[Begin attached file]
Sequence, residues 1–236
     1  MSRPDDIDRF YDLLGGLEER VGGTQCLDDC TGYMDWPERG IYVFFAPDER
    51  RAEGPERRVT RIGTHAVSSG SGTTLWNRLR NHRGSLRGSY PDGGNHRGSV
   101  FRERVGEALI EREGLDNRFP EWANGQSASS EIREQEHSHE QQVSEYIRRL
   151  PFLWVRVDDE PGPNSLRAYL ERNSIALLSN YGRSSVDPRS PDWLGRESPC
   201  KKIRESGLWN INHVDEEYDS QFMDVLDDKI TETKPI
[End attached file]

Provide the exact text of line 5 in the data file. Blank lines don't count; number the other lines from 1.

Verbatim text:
   151  PFLWVRVDDE PGPNSLRAYL ERNSIALLSN YGRSSVDPRS PDWLGRESPC